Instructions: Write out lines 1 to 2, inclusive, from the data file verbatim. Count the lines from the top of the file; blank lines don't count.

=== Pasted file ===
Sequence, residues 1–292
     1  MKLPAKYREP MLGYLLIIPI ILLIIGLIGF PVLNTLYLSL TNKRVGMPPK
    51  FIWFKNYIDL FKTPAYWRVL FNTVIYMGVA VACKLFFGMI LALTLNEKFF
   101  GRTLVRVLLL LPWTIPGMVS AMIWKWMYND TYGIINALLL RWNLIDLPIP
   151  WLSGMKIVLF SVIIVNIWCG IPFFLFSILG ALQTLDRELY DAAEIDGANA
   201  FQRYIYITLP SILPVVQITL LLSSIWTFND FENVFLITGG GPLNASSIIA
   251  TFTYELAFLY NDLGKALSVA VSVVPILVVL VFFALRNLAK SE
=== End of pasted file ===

Sequence, residues 1–292
     1  MKLPAKYREP MLGYLLIIPI ILLIIGLIGF PVLNTLYLSL TNKRVGMPPK